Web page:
Canada’s main priority is defending our land. Every fighter we’ve purchased since the 50’s has had that in mind, we need to be able to fly to the arctic to protect our sovereignty, and protect our country from threats. In terms of sovereignty, our biggest aggressor is Russia, who does have a superior air force. They’re known to poke into our airspace from time to time to remind us of their presence.
In terms of protecting the arctic, twin-engine planes are the best as they provide the extra-security and safety; so the F-35 is a no-no in that regard. No one wants their only engine to die out over cold arctic ice and water. Hence, why the Canadian designed Avro Arrow (designed for our usage) had 2 engines, we also had the 2 engine Voodoo for a while, and eventually we procured CF-18s. A single engine fighter simply doesn’t fit our criteria.
Flying across the country is an important component for our military. Not just to maintain arctic sovereignty, but to protect the nuclear power plants we have as well. I’ve read somewhere in the past that theres a few CF-18s stationed in Trenton to protect the Pickering Nuclear Power Plant. Our (previous) governments have always favoured twin-engined jets as they’re more reliable for this purpose.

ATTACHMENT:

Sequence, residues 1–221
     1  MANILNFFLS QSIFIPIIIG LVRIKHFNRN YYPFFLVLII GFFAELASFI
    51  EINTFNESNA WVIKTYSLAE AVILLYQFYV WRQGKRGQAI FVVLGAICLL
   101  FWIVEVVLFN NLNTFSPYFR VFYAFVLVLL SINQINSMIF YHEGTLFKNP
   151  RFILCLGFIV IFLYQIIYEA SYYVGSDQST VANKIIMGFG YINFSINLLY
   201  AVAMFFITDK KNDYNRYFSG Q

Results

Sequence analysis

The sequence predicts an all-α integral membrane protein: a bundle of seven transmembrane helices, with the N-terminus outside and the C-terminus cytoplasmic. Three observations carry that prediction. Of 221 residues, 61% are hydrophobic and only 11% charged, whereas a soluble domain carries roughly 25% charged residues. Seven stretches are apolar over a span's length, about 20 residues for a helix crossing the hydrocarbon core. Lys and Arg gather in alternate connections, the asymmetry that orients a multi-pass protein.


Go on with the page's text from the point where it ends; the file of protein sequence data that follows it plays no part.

And to tap into your ISIL point, we should never underestimate our enemies. Conflicts change all the time. We could be fighting ISIL now, and a country with a decent airforce later. We should always prepare for the future. And taking into account the aircraft we’re considering buying (F-35) can’t even shoot down a fighter jet designed in the 1970s shows that we’re taking a step backwards, not forwards.